(Adds Turkish reaction)
MOSCOW/HAMBURG May 24 Russia is negotiating
with Turkey in an effort to resolve a stop-start agriculture
trade dispute between the countries, the Kremlin said on
Wednesday, although Ankara disputed it had put curbs on imports
of Russian wheat.
As the largest buyer of Russian wheat behind Egypt, any move
by Turkey to restrict imports of the grain could put a
significant dent in Moscow's 2017/18 marketing year that starts
on July 1. Russia is one of the world's largest wheat exporters.
An analyst and traders told Reuters that Turkey has
introduced new curbs on Russian wheat, limiting purchases to
20-25 percent of all import licences issued for the commodity.
"Indeed, limits (on Russian wheat) are in place," Kremlin
spokesman Dmitry Peskov said.
However, Turkey's economy ministry said it was not true that
restrictions had been put in place.
"Media reports that Turkey has introduced limitations on the
import of agricultural goods from Russia do not reflect the
truth, and Turkey remains committed to the agreements signed,"
it said in a statement.
Traders said the curbs were a reaction to Russia's earlier
ban on imports of Turkish tomatoes. Ankara imposed prohibitively
high import tariffs on Russian wheat from mid-March but resumed
purchases after a meeting of the countries' presidents on May 3.
Moscow has said that restrictions on tomato imports will
remain to protect Russian producers.
"Some restrictions remain in place from the Russian side due
to known reasons, which were explained in great detail to
Turkey's President in Sochi," Peskov said.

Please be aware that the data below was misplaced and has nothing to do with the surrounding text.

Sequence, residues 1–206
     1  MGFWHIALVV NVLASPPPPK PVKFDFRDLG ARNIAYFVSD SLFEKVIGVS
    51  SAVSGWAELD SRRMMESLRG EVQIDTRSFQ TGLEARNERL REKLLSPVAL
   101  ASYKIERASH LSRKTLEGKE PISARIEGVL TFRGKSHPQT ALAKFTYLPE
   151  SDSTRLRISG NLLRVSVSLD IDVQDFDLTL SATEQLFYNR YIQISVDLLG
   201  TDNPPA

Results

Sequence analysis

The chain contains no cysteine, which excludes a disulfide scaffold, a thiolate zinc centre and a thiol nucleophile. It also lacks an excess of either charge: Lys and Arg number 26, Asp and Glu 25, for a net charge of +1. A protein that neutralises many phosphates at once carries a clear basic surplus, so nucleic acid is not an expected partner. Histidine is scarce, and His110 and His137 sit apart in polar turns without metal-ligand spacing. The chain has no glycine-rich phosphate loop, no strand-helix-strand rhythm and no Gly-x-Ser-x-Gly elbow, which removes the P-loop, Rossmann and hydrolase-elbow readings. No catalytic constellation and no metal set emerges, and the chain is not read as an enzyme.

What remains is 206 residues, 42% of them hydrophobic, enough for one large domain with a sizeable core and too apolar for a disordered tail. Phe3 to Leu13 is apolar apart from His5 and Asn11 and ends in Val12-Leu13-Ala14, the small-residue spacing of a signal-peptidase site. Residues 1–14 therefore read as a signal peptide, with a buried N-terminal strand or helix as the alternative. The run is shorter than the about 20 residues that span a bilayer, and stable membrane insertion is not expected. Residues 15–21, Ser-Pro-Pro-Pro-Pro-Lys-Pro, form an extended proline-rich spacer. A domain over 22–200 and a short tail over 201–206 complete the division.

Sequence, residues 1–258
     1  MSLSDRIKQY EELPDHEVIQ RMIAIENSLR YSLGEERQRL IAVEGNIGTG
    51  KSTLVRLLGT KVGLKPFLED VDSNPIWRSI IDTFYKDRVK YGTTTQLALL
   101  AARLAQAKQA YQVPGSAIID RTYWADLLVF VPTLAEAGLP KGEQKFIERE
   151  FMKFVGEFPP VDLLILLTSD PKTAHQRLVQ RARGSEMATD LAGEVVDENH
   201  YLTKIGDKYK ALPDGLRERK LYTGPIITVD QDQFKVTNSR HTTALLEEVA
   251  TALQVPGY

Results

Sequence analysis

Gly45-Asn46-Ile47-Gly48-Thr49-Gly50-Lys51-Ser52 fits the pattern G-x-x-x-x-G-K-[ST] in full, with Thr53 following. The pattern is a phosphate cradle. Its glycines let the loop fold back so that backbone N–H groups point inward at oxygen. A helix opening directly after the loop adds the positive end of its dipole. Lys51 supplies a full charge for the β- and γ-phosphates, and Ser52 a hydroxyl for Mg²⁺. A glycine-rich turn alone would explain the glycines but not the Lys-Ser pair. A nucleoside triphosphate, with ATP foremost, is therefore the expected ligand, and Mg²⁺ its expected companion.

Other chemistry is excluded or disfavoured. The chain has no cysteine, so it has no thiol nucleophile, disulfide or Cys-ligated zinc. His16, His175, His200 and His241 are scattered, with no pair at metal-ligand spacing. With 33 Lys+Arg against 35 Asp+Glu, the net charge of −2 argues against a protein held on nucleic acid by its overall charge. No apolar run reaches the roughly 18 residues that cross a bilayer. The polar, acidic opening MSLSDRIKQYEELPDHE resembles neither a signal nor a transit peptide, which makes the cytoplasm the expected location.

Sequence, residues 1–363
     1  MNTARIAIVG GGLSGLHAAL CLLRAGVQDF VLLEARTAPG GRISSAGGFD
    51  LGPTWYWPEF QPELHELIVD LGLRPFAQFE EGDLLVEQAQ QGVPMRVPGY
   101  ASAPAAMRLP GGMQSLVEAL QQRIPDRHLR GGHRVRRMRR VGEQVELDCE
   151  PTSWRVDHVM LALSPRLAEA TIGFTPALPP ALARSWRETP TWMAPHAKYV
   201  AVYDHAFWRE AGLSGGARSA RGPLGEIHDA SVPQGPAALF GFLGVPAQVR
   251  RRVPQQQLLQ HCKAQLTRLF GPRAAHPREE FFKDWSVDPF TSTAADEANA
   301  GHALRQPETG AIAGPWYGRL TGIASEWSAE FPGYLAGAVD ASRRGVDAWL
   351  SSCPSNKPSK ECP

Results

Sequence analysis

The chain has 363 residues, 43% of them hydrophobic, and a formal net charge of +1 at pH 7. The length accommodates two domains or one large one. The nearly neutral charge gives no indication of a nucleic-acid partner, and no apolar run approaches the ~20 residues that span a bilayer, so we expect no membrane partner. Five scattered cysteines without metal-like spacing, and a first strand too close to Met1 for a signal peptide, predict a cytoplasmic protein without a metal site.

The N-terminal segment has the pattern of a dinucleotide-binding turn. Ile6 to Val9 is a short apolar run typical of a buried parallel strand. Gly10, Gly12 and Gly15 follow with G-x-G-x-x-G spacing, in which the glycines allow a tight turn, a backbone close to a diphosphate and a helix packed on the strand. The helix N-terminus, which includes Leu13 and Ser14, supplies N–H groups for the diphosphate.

"Contacts and negotiations with the Turkish side are being
Andrey Sizov Jr, managing director of the SovEcon
agriculture consultancy, said the latest limits on Russian wheat
were imposed a couple of days ago, citing traders.
"Some of them say that they are not able to get licences,
others say that there is an informal limit on Russian wheat --
20-25 percent of total imports," Sizov added.
One Turkish wheat importer based in Russia said that
information about the 20-25 percent limit on wheat imports came
a day or two before Russian Prime Minister Dmitry Medvedev's
visit to Turkey on Monday, during which he said that
restrictions on Turkish tomatoes were still in place.
A German trader said the new restrictions were imposed on
Russian wheat and also maize (corn).
"If you apply to import a certain tonnage of Russian corn
and wheat with an import licence, only 20 percent of your
approved quantity is allowed for import duty free," he said.
"I suspect this is part of a wider trade dispute because
Russia has not removed restrictions on Turkish products after
the recent agreement between Turkey and Russia."
Russian sunflower oil supplies to Turkey have also been
affected by the latest limits, Russia's Oil Union said.
(Reporting by Dmitry Solovyov, Polina Devitt and Michael Hogan;
Additional reporting by Nevzat Devranoglu and Ece Toksabay in
Ankara; Editing by David Goodman and Elaine Hardcastle)